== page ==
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Unit 1.1

To Be – Interrogative


To be is an auxiliary verb and it is essential in grammar.

The interrogative form is used to ask questions.

To be is an irregular verb and the interrogative form (made possible thanks to “inversion”) has this structure:
To be + subject + …?

Am I …?
Are you …?
Is he …?
Is she …?
Is it …?
Are we …?
Are you …?
Are they …?

Short forms do not exist for the interrogative form.

To be is used with:

  1.  Nouns
    • Am I a student?
    • Is he a lawyer?
    • Are we doctors?
  2.  Adjectives
    • Am I tall?
    • Is he polite?
    • Are many people happy?
  3.  Prepositional phrases
    • Is my book on the bed?
    • Is there a good movie on TV?
    • Are there eggs in the box?

To be is used to talk about:

  1. Age
    • Am I 12 years old?
    • Is he 35 years old?
    • Are we 35?
  2.  Price
    • Is this coat $100?
    • Is this dress $50?
    • Are the books $80 in total?
  3.  Size
    • Is a standard double bed 5 feet wide?
    • Is the dress medium?
    • Are the blue shoes size 38?
  4. Shape
    • Is the table square?
    • Is the building rectangle-shaped?
    • Is the tower oval-shaped?
  5.  Colour
    • Is my hair brown?
    • Are his eyes green?
    • Is our room pink?
  6. Nationality
    • Am I from Greece?
    • Is he Italian?
    • Are they French?

To be has a very basic structure, when it is used as a linking word between other classes of words (subjects, nouns, adjectives, complements, etc.), it gives us more details about the condition of the subject.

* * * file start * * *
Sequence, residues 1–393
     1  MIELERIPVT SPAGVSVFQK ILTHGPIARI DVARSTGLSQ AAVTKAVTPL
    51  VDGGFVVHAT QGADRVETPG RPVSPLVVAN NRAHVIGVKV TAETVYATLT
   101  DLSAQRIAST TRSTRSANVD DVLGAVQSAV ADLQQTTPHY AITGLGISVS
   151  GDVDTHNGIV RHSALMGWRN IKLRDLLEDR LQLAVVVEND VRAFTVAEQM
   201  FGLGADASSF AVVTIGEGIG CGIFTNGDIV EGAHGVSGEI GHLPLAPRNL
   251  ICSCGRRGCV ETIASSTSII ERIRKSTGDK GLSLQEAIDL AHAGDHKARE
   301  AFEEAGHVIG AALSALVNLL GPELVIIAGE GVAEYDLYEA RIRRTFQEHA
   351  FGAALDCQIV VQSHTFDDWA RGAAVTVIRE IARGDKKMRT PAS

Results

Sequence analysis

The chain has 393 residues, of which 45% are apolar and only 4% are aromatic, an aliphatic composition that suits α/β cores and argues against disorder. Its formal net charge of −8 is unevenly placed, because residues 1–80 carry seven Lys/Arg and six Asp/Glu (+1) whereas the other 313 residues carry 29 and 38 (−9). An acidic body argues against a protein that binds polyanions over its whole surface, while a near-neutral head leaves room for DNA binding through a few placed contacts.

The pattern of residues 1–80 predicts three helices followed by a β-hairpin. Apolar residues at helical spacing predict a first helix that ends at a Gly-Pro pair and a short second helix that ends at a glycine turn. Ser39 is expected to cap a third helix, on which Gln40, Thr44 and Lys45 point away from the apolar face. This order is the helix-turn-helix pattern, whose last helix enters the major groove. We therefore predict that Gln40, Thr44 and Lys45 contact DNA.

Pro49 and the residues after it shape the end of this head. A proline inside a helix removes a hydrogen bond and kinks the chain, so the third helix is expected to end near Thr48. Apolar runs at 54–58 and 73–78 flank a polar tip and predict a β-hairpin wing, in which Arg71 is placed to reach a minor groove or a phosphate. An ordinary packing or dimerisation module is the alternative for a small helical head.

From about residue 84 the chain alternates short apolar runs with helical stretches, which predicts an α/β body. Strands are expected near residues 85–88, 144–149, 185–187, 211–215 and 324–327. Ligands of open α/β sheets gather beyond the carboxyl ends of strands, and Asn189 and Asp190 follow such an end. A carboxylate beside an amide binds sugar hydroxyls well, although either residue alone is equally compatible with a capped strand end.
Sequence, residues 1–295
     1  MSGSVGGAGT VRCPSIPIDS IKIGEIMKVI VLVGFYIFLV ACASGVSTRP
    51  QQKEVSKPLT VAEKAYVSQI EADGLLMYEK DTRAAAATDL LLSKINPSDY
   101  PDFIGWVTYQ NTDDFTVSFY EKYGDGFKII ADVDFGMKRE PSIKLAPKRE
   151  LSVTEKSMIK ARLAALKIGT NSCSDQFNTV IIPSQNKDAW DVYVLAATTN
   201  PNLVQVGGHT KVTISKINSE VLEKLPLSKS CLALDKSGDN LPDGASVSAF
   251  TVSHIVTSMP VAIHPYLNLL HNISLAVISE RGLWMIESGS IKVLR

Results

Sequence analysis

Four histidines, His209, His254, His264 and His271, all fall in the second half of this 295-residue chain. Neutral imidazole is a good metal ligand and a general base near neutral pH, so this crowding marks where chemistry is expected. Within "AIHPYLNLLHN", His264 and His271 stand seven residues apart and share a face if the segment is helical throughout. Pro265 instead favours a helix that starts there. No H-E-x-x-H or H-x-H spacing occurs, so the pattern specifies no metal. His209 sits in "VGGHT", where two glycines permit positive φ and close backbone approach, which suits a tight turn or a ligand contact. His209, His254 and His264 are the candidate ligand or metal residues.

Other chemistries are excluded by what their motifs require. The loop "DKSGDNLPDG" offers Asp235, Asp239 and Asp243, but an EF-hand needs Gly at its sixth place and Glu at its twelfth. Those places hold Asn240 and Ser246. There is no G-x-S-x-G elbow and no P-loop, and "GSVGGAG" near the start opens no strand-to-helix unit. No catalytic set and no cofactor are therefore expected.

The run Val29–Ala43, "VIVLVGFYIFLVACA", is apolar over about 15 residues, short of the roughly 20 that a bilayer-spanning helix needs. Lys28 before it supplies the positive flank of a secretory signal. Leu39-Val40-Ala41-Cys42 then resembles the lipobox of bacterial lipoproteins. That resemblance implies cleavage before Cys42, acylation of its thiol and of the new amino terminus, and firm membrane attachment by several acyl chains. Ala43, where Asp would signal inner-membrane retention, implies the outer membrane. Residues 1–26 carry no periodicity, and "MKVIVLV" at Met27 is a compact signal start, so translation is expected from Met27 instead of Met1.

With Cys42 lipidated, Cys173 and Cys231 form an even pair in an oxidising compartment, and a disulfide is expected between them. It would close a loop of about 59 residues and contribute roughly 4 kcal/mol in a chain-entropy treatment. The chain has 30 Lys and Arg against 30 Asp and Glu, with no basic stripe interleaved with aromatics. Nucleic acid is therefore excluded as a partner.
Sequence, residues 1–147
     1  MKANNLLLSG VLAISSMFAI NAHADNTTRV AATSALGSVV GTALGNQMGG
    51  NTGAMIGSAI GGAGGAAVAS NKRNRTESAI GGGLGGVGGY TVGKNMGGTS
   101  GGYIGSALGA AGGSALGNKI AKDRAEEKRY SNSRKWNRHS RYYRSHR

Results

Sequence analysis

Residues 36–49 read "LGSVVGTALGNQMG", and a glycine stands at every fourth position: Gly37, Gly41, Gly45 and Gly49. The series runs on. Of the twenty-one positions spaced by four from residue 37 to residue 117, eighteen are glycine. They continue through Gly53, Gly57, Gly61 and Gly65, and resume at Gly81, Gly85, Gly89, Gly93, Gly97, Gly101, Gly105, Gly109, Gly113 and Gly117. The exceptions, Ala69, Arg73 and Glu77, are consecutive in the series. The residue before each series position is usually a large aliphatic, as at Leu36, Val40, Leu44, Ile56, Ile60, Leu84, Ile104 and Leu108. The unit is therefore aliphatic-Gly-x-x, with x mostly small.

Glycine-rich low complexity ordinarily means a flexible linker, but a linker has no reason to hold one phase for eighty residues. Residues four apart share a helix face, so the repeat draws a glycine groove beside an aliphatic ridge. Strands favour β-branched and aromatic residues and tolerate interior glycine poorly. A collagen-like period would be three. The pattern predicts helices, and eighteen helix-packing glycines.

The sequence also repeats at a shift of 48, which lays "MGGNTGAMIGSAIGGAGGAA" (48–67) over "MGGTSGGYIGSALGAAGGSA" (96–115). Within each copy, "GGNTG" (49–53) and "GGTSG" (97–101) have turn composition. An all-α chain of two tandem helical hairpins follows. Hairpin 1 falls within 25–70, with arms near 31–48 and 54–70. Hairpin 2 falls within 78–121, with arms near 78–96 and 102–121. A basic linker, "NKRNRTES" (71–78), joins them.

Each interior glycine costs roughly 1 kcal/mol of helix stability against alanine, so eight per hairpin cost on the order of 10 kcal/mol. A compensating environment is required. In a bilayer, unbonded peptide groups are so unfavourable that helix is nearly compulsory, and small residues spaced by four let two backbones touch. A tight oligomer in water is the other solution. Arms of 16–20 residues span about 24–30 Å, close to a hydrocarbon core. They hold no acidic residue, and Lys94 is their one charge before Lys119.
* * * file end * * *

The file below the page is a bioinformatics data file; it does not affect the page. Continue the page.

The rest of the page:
To be is used with:

  1. Nouns;
  2. Adjectives;
  3. Prepositional phrases.

To be is used to talk about the characteristics of the subject, for example:

  1. Age;
  2. Price;
  3. Size;
  4. Shape;
  5. Colour;
  6. Nationality.

The verb to be is one of the most commonly used auxiliary verbs. When used in its interrogative form, we can use it to form questions. To be is often used with nouns, adjectives and prepositional phrases.

The verb to be in its interrogative form has this structure:
To be + subject + …?

For example:
— “Are you an actress?”
— “Is he tall?”
— “Are they from UK?”

The verb to be asks information about a characteristic of the subject.

NOTE: The short forms don’t exist for the interrogative form (Is Toni English? / ‘s Toni English?).

Let’s revise this content within the [Form] section. Take a look at the [Example] section that shows its use within a context.


To Be - Interrogative Copyright © 2016 by My Language Skills. All Rights Reserved.